While Americans and global financial markets were focused on the debt-ceiling crisis, Detroit did a stunning U-turn on gas mileage requirements. In a revolutionary role reversal, the captains of the reconstituted Big Three stood side-by-side with President Obama last Friday to signal their agreement to the largest increase in auto gas mileage requirements since Washington began setting mileage standards nearly four decades ago.
It's clear, of course, that Detroit's new behavior is partially in response to unswerving global trends for ever-higher gasoline prices and unyielding consumer demand for less thirsty vehicles -- a lesson it learned the hard way. It's also apparent that the embrace of the new gas mileage standards by the traditional opponents of efficiency reflects support for an administration that wagered $80 billion in taxpayer bailouts to keep General Motors and Chrysler afloat -- a debt they have just repaid. Regardless, their new direction is at last on the correct course.
The new mileage standard, which now will be scheduled for public hearings, calls for auto manufacturers to achieve a corporate mileage average across all their vehicles of 54.5 miles per gallon by 2025. That's double the current corporate fleet average standard of 27 miles a gallon.
As these newer, more energy efficient models are phased in over the next 14 years, they will help consumers save significantly on annual use and costs of gasoline. That savings will more than offset higher costs for such cars. It also will stretch the nation's reserves of domestic oil and substantially reduce, by around a fifth, the nation's deficit-building purchases of imported oil, which now accounts for half of the nation's trade deficit. Cleaner, more fuel-efficient engines, as well, will sharply curtail emissions of tailpipe pollution which harms human health and exacerbates global-warming and climate change.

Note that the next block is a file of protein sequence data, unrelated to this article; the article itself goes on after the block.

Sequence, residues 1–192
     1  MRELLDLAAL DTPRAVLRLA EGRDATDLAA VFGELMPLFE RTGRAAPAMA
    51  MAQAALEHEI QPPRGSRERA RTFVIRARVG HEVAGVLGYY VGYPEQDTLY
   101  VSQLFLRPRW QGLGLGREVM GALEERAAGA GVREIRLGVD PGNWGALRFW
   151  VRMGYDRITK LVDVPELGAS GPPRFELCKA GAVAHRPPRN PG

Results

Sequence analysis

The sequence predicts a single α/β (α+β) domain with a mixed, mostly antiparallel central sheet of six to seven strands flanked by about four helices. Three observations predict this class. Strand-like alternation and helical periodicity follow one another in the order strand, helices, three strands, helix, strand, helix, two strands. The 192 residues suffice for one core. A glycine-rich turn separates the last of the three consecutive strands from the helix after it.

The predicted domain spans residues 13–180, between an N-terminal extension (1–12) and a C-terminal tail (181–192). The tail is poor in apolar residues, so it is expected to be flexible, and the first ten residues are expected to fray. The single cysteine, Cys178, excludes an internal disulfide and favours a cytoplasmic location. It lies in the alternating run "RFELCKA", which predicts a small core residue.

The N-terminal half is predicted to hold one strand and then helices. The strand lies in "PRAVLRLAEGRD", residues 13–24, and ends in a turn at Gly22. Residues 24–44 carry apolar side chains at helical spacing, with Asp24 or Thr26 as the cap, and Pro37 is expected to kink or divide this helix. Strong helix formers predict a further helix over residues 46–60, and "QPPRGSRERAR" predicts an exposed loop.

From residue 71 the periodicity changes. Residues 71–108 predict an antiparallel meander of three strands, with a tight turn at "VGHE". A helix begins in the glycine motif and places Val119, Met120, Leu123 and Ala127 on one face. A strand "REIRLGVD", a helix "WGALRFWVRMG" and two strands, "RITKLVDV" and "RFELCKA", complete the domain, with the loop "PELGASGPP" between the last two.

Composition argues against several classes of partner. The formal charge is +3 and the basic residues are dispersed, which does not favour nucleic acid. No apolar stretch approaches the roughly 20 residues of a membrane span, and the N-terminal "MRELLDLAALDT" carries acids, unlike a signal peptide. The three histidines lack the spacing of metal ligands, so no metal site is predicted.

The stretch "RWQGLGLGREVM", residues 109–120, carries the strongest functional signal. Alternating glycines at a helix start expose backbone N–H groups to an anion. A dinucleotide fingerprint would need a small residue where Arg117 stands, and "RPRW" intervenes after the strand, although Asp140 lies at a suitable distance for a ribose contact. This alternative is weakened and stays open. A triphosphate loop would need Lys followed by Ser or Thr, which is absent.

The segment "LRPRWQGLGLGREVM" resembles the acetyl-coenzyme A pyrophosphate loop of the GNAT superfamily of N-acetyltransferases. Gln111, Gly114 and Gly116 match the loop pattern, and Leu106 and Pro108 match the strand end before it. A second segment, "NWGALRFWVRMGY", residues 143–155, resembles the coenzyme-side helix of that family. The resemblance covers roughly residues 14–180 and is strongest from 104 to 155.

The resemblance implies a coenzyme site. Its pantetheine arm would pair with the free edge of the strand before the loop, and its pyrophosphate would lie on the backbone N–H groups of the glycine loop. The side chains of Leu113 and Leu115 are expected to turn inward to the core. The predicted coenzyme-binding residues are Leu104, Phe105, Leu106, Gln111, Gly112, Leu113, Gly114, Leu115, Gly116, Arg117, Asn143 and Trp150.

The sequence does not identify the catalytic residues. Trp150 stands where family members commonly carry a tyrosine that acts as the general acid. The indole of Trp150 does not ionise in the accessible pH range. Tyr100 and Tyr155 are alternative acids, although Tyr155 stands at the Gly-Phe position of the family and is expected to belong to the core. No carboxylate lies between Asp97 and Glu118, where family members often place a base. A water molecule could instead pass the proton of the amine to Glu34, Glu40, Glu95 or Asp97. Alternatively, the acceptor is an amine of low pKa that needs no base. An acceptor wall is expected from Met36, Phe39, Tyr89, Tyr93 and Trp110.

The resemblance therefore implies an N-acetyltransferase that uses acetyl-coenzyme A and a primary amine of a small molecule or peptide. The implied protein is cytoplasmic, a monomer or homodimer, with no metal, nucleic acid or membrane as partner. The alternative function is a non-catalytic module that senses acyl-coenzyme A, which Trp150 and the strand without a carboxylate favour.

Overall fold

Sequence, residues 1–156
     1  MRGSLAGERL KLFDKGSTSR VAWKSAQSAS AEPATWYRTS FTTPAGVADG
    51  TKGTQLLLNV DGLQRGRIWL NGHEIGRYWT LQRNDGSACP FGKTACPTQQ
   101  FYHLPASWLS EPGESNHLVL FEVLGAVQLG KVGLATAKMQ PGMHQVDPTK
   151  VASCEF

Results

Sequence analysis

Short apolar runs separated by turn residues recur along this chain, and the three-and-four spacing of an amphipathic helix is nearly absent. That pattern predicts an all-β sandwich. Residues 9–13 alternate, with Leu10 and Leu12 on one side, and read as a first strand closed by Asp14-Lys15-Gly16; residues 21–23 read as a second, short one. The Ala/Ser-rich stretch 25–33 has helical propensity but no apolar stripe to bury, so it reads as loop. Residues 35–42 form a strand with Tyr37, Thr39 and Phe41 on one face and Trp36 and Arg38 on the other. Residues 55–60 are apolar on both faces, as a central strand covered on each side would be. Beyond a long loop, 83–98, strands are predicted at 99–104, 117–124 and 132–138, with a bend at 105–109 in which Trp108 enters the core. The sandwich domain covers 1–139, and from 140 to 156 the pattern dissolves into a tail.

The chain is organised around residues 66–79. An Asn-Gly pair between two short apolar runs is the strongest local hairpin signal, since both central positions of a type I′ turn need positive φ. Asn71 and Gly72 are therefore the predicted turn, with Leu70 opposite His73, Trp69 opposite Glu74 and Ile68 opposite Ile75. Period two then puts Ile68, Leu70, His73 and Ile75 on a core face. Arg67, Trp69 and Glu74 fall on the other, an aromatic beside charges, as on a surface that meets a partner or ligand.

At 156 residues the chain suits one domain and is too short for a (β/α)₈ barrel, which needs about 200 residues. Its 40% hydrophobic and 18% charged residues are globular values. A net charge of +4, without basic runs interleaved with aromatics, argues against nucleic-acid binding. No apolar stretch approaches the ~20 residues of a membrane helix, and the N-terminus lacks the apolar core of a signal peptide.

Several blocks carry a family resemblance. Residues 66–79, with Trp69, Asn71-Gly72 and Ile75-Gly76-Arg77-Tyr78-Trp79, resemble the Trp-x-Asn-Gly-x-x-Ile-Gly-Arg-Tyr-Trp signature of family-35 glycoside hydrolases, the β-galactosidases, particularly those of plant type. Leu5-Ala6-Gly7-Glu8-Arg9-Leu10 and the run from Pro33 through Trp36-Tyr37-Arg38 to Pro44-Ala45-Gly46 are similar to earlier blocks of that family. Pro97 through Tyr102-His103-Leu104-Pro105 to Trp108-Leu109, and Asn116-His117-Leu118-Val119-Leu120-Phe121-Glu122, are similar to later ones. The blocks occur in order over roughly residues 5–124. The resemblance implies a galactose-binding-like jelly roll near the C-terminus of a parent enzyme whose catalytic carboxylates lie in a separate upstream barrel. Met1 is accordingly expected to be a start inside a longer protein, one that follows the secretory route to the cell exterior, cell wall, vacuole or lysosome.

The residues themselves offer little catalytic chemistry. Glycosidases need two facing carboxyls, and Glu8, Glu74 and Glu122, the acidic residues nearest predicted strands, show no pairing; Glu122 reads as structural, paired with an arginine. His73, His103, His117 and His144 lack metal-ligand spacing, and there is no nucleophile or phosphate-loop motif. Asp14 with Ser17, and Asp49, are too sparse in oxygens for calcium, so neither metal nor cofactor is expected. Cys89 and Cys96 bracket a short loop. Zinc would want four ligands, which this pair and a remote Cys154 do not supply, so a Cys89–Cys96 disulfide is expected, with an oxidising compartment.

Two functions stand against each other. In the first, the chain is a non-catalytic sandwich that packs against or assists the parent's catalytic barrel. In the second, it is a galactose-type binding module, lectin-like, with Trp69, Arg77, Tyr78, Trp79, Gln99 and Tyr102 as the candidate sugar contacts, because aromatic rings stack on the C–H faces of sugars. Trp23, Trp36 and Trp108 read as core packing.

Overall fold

This is all good. But it's not just a one-way deal for Washington. It's good for Detroit's Big 3 as well. Ford, Chevrolet and Chrysler, which is now owned by Italy's Fiat, all recognize that they cannot thrive if they cannot compete with foreign auto makers, which already lead in the increasingly fierce mileage-per-gallon arena.
Still, the agreement represents compromises on all sides. Environmental advocates and the Obama administration had earlier envisioned a corporate mileage standard of 62 mpg. That goal was not too much of a stretch. BMW already mass markets in Europe a 65 mpg turbo-charged diesel in one of its popular 3-series models. Volkswagen and Mercedes-Benz offer similar high-mileage clean turbo-charged diesels, and they are all working on hybrids, as well, to keep up with Japanese auto-makers.
Toyota's class-leading gasoline-electric hybrid Prius gets better than 50 mpg in town through use of a long-life battery that is self-charged when the car's brakes are used. Plug-in electric hybrids by Nissan and all-electric models like Chevy's Volt are other competition game-changers.
With gasoline costs at $4 a gallon in much of the country and predictions for gasoline to rise past $5 a gallon and keep on rising in the not-to-distant future, Detroit's auto makers will have to do better than a 54.5-mpg corporate average by 2025 just to stay competitive. Still, the new standard, and their willing agreement to it, at least makes energy efficiency a corporate goal for American car manufacturers. That welcome milestone should spur other energy conservation initiatives in Congress.